EDIT: Since this post was originally published, the United States Supreme Court has ruled that same sex marriage bans are unconstitutional. As a result, same sex marriage is legal nation-wide and the considerations outlined in this post are now moot.
If you are in a same sex relationship in Louisiana and are ready to take the next step towards marriage, then odds are you are aware that Louisiana does not allow same sex couples to marry, nor does it recognize same sex marriages obtained in other states. But did you know that some gay and lesbian couples living in Louisiana who married out of state are now unable to get divorced?
Because Louisiana does not acknowledge same sex marriage, it makes a couple's decision of where to marry quite important -- and not all recognition states are equal when it comes to getting married out of state. While no one wants to think of end-of-marriage considerations while they are engaged and deeply in love, many couples do so when considering whether to enter into a prenuptial agreement, sign a declaration reserving the fruits of their separate property, or in the case of same sex couples, whether they want to be able to get divorced.
Gay and lesbian couples throughout Louisiana and other non-recognition states are now discovering that they are "wedlocked." That is, they are forced to remain married despite their desire to get divorced. In short, this happens because in the eyes of Louisiana courts, there is no marriage that needs dissolving and thus, no divorce to grant. Historically, all states have had a residency requirement that at least one spouse live in that state for a certain period of time before becoming eligible for a divorce in that state. So, unless one same sex spouse wanted to move from Louisiana to a new state in order to file for divorce, the Louisiana couple remained wedlocked.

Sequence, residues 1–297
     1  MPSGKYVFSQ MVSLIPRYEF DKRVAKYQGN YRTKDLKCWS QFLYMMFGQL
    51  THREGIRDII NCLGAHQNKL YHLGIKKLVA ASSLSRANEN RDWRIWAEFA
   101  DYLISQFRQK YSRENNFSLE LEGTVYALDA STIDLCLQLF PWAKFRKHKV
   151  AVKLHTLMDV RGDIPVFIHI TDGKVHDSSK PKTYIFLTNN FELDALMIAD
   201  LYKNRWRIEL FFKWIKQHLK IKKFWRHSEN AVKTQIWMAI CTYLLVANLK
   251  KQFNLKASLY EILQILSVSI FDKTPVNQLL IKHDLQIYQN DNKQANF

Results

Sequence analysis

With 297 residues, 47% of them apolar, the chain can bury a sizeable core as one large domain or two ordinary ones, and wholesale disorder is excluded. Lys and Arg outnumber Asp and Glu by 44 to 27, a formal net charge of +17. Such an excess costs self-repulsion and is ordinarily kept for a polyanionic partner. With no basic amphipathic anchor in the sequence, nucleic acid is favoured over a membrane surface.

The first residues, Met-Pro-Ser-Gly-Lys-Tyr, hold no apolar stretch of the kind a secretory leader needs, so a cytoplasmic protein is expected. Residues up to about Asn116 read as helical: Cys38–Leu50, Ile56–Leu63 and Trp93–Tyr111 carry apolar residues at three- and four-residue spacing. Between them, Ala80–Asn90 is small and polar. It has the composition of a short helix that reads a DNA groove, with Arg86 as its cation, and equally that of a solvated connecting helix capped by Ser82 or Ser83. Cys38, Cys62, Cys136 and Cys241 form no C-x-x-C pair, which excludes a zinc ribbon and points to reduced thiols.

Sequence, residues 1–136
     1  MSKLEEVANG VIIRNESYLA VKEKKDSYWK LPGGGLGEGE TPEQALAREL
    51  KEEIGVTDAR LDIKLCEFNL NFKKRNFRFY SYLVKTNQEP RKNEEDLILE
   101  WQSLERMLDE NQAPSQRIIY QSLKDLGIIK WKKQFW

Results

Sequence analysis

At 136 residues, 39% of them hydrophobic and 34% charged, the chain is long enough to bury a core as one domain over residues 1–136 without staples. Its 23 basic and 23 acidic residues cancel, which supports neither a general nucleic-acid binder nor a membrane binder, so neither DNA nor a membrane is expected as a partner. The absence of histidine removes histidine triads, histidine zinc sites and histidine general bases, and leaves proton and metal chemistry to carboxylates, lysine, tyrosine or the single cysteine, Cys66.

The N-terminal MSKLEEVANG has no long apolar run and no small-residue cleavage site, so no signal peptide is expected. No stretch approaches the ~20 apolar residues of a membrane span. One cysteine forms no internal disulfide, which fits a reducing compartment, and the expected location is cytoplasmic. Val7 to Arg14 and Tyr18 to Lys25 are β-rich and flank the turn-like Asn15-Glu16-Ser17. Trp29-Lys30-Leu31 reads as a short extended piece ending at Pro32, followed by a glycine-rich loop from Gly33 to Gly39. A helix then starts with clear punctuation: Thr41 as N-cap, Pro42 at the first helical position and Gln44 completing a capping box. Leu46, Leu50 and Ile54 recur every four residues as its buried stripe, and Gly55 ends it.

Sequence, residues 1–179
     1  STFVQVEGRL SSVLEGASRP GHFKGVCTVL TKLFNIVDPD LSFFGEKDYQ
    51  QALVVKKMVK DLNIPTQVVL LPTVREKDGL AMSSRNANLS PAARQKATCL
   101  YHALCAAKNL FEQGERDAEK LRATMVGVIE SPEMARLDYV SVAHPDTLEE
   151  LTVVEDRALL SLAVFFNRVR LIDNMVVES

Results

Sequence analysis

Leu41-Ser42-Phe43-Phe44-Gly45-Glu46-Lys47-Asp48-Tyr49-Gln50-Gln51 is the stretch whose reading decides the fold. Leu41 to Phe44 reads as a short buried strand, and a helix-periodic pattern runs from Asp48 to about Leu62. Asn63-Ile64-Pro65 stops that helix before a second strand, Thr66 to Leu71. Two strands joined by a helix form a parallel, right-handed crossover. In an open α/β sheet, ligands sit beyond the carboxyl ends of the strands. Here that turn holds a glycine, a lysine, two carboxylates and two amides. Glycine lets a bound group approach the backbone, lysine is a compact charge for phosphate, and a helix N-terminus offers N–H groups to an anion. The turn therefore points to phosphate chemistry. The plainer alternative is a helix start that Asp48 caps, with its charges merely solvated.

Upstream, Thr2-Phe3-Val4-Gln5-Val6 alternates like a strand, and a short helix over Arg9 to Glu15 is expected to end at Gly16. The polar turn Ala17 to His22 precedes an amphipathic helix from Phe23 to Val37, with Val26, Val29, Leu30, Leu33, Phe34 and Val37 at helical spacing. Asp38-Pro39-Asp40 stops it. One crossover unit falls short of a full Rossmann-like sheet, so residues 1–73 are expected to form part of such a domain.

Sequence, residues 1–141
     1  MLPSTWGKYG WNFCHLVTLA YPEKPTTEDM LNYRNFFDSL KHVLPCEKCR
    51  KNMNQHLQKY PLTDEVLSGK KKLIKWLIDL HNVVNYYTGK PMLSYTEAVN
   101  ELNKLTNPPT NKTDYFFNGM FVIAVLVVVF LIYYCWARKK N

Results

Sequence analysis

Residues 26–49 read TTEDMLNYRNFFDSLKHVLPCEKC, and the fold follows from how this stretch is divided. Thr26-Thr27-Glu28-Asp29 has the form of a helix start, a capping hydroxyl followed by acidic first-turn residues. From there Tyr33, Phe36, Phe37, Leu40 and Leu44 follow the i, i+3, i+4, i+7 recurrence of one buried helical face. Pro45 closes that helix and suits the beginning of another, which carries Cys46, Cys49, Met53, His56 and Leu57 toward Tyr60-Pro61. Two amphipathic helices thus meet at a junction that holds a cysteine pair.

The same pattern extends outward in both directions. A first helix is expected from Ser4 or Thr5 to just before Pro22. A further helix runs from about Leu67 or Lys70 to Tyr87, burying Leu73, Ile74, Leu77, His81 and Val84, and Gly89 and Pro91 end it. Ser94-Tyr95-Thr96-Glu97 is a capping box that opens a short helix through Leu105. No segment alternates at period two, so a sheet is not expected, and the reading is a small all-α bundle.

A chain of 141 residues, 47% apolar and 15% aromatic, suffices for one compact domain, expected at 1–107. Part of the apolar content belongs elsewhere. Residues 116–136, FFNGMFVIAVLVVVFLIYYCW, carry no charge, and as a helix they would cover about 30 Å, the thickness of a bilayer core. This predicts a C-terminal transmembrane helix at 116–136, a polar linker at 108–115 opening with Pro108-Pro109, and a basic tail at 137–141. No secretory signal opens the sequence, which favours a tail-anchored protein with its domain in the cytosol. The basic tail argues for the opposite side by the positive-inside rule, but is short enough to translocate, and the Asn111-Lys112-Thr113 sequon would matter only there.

However, certain states such as California and Vermont now have provisions that allow same-sex couples who married in that state to get divorced in that same state without requiring the residency of either spouse. Although at the time of their marriage, no couple plans to divorce, circumstances can change that may lead to the dissolution of a relationship. By carefully considering the location of their out of state wedding, Louisiana same sex couples may be able to avoid the wedlocked scenario.
Each state has different requirements and limitations when it comes to granting divorces to out of state same sex couples. While the United States Supreme Court is expected to issue a ruling about the constitutionality of same sex marriage bans by late June 2015, until the issue is ruled on in favor of marriage equality, Louisiana same sex couples who are planning to get married out of state should do their research and consult an attorney for further guidance as to the benefits of marrying in one state over the other.
This post and any comments below do not constitute legal advice or form an attorney-client relationship. Please consult a licensed attorney in your state if you have questions regarding your personal circumstances.